Water Journal : Water Journal April 2013
WATER APRIL 2013 100 Feature Article need for ongoing maintenance due to re-mobilisation during minor ooding events. Due to this, trials were undertaken using open-weave jute mesh to prevent movement of the wrack when lake levels were higher. 3. Similarly to the passive saltmarsh program, community engagement was important and early lessons were learnt about the timing and breadth of stakeholder engagement so that all expectations could be considered and managed before works began. One of the most signi cant unforeseen issues that arose for the active saltmarsh rehabilitation work was with the original designs that had utilised years of data collected by Council. The estuary had been facing drought conditions for the previous decade and subsequently the vegetation communities around the lake had adapted to these conditions. Due to the continued low water level in the lake during the drought, the healthiest saltmarsh was growing at around 0.2m AHD; this resulted in the designs for the active sites being re-graded from this elevation to around 0.5m AHD (in some cases less). A number of the active rehabilitation sites had been constructed using this speci cation when the drought broke in 2010/2011. During 2011 and early 2012, the estuary received more frequent and heavier rain events, causing a higher average lake level. This higher level caused the two most recently constructed sites to be submerged for extended periods immediately after planting and has contributed to their slow rehabilitation. These challenges resulted in a redesign of the methodology for the remaining sites. Surveys of healthy saltmarsh in 2011 showed that the ideal elevation during the frequently higher rainfall was between 0.4m AHD and 0.5m AHD, with saltmarsh species present up to 0.8m AHD. The majority of these elevations were not captured in the original designs. Adopting lower levels of intervention has greatly reduced construction costs for acid sulphate soil treatment and spoil disposal and has permitted existing healthy saltmarsh to be retained in situ. The reduced excavation has allowed these sites to include higher elevation areas that will facilitate healthy bands of saltmarsh that can migrate landward or towards the lake edge in response to changes in rainfall patterns. Early observations in these elevated saltmarsh areas have, however, initially shown increased levels of weed species, which may be due to the lack of frequent inundation of saline/brackish water allowing the terrestrial weeds to compete with the newly planted saltmarsh. Monitoring and maintenance activities over the next few months should show if these sites are likely to become resilient over time. Trials are in the early stages of development for irrigating the saltmarsh and fringing exotics with lake water to help reduce the competing weeds. APPLYING AN ADAPTIVE MANAGEMENT APPROACH As noted previously in this article, saltmarsh rehabilitation in a non-tidal estuary is largely untested. As a result, many issues were encountered during on-ground works that required an adaptive management approach to be embraced. The saltmarsh sub-program has employed a regular monitoring program that is complemented by a regular review of ndings and adaption of activities as has been seen t. This is vital so that a regular feedback loop is maintained to ensure the most effective and ef cient delivery of the saltmarsh rehabilitation sub-program. For example, if the active saltmarsh sub- program was not analysing the monitoring information then signi cant design changes may not have been made and the desired outcomes not achieved or further signi cant investment of maintenance employed to achieve the outcomes. Monitoring of the sites will continue to provide important data on the response of the saltmarsh rehabilitation over a longer time-frame. ACKNOWLEDGEMENTS The Wyong Shire Council would like to acknowledge the Australian Government's Caring for our Country initiative that has enabled these important works to be able to be undertaken. REFERENCES Funnell SC & Rogers PJ (2011): Purposeful Program Theory: Effective use of theories of change and logic models. San Francisco, USA: Jossey-Bass. Love AJ (1991): Internal Evaluations: Building Organisations from Within (Vol 24). Newbury Park, USA: Sage. Owen JM (2006): Program Evaluation: Forms and Approaches. Crows Nest, Australia: Allen & Unwin. Patton MQ (2008): Utilization-Focussed Evaluation (4th edition ed.). Newbury Park, USA: Sage. Roberts DE & Dickinson TG (2005): Tuggerah Lakes Estuary Management Study. Bio-Analysis: Marine, Estuarine and Freshwater Ecology. Trochim WM (1991): Developing an Evaluation Culture for International Agricultural Research. Assessing the Impact of International Agricultural Research for Sustainable Development. Cornell University. Wyong Shire Council (2010): Tuggerah Lakes Estuary: Estuary Management Plan. Retrieved February 2013, from Wyong Shire Council: Central Coast: www.wyong. nsw.gov.au/environment/tuggerah-lakes- estuary/estuary-management-plan Figure 4. Passive activity (left) shown in Tuggerah Bay, and active saltmarsh (right) during rehabilitation -- works depicted include foreshore re-grading and spreading of wrack mulch prior to planting.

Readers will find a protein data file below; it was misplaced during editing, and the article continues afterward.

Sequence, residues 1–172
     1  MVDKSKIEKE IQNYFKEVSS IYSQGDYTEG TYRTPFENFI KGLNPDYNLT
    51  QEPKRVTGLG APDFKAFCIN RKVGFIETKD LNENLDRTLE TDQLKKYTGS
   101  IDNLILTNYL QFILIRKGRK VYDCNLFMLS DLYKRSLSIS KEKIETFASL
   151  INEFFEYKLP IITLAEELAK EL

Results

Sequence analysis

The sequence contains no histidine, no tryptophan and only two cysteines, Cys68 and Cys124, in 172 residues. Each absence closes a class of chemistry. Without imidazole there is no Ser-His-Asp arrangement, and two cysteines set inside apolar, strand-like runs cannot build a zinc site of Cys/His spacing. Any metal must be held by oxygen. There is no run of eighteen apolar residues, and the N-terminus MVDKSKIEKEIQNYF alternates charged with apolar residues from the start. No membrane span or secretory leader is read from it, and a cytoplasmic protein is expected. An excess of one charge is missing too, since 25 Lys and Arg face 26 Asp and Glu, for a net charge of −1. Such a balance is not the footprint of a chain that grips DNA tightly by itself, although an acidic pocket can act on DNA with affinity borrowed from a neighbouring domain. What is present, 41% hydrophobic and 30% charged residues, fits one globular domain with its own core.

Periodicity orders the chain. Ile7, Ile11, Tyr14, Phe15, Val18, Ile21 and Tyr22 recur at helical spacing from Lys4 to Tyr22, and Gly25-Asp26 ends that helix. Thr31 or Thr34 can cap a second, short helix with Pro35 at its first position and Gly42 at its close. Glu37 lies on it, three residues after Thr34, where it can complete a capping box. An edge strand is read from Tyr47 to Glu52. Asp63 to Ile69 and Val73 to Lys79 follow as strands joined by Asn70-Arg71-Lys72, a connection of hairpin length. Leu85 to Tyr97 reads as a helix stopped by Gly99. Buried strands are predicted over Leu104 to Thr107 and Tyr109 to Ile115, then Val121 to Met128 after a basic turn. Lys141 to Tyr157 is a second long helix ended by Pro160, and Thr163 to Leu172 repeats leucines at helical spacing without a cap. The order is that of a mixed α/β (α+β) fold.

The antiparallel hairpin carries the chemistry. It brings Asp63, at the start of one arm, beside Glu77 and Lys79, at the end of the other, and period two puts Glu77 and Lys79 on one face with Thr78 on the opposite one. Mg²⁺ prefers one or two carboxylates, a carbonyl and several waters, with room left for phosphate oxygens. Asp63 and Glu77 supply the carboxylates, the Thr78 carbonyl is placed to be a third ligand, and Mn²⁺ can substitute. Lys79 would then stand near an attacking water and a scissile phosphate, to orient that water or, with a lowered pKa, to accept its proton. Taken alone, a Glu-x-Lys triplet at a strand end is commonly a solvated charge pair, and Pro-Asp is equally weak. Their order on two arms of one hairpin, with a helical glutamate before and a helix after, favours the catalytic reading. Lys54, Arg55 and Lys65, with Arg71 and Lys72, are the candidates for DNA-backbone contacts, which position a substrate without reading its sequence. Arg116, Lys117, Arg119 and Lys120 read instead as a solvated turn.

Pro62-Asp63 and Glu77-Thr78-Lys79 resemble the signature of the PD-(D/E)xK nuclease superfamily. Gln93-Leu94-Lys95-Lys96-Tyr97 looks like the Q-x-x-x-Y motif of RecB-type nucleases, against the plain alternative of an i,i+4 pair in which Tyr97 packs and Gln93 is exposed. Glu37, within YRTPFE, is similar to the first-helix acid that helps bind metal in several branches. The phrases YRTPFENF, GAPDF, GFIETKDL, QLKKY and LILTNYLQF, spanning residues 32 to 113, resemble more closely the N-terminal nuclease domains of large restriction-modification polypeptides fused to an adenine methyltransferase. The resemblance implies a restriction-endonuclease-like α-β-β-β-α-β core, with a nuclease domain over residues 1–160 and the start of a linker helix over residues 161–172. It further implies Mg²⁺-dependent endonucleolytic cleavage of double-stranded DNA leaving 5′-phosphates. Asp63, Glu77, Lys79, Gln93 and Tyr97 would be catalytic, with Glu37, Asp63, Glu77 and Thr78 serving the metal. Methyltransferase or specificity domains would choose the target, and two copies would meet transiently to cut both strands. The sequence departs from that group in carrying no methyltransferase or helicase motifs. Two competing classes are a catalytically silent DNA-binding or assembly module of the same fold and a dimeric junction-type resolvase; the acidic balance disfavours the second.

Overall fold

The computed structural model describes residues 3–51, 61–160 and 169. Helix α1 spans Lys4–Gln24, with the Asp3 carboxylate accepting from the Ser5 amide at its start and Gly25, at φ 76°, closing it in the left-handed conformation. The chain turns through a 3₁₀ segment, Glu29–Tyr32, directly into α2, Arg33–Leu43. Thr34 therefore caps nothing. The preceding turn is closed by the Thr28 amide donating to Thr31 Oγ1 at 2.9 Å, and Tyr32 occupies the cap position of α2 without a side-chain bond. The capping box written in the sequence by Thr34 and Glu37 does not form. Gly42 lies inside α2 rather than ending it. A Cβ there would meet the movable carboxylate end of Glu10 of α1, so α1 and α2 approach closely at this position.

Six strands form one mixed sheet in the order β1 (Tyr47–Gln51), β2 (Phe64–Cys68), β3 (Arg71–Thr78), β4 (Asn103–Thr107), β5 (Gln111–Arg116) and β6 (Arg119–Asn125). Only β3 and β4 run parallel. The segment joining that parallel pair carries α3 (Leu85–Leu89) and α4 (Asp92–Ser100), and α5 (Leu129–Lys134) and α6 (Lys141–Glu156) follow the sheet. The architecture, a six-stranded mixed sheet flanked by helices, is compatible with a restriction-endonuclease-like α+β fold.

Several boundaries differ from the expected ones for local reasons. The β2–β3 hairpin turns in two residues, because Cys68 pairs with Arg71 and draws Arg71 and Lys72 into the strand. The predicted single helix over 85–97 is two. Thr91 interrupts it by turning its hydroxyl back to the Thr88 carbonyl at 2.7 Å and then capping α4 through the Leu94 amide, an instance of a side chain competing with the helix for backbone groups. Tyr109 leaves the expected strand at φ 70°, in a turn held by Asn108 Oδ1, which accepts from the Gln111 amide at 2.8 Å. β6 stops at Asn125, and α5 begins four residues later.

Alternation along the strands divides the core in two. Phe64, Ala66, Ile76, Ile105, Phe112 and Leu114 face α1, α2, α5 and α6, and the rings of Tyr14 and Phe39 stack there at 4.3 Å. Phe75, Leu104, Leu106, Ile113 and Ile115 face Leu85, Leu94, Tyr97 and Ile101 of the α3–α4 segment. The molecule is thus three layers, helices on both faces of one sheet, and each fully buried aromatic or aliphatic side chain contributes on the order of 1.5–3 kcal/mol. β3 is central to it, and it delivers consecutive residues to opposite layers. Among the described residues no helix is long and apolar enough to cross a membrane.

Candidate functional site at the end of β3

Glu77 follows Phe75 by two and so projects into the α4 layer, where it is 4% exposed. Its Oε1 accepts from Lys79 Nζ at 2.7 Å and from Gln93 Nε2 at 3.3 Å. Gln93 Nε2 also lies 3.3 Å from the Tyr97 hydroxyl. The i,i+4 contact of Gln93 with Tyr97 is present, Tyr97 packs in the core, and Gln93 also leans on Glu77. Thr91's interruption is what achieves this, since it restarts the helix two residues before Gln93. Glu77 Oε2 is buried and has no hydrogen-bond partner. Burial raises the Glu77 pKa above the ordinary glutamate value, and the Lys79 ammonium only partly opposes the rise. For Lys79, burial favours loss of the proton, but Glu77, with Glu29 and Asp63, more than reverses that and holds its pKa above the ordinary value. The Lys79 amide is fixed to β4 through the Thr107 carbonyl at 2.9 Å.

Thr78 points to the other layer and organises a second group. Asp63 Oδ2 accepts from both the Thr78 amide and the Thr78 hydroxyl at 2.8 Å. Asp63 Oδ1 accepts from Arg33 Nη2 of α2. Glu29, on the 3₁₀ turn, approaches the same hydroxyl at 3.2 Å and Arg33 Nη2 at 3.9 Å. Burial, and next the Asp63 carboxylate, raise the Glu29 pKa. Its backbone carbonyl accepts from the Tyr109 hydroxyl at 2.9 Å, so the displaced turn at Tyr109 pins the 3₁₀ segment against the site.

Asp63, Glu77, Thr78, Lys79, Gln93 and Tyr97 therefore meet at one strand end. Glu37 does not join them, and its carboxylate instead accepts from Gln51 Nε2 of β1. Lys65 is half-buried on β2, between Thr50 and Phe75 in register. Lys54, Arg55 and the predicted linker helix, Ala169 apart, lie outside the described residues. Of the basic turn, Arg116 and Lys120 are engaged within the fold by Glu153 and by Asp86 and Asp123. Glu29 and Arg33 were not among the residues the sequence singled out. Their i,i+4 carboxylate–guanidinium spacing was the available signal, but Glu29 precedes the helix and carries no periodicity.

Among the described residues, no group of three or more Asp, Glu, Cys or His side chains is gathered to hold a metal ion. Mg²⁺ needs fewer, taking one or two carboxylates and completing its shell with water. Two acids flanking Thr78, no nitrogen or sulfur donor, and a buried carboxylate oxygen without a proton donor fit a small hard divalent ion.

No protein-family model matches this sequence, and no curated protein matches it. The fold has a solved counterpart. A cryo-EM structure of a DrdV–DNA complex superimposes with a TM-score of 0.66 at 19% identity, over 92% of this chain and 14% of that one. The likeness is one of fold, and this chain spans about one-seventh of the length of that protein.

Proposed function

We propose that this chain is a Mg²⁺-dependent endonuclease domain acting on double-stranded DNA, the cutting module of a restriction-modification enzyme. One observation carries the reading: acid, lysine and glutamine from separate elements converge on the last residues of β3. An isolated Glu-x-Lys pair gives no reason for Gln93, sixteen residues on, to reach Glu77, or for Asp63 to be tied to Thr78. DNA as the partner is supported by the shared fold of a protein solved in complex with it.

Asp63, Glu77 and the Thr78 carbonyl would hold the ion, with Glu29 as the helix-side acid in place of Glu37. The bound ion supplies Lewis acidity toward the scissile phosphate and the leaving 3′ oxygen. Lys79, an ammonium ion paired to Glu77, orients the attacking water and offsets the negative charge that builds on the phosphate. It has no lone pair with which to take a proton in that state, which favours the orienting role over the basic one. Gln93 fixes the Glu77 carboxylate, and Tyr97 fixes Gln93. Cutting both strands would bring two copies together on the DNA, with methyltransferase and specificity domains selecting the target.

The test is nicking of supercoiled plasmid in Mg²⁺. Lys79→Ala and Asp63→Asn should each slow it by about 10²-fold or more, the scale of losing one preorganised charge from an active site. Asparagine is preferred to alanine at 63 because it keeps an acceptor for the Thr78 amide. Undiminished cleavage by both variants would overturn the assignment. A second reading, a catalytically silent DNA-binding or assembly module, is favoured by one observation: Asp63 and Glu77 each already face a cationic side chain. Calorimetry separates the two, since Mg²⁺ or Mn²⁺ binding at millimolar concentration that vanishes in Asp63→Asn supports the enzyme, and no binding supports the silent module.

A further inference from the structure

Water Journal February 2013
Water Journal May 2013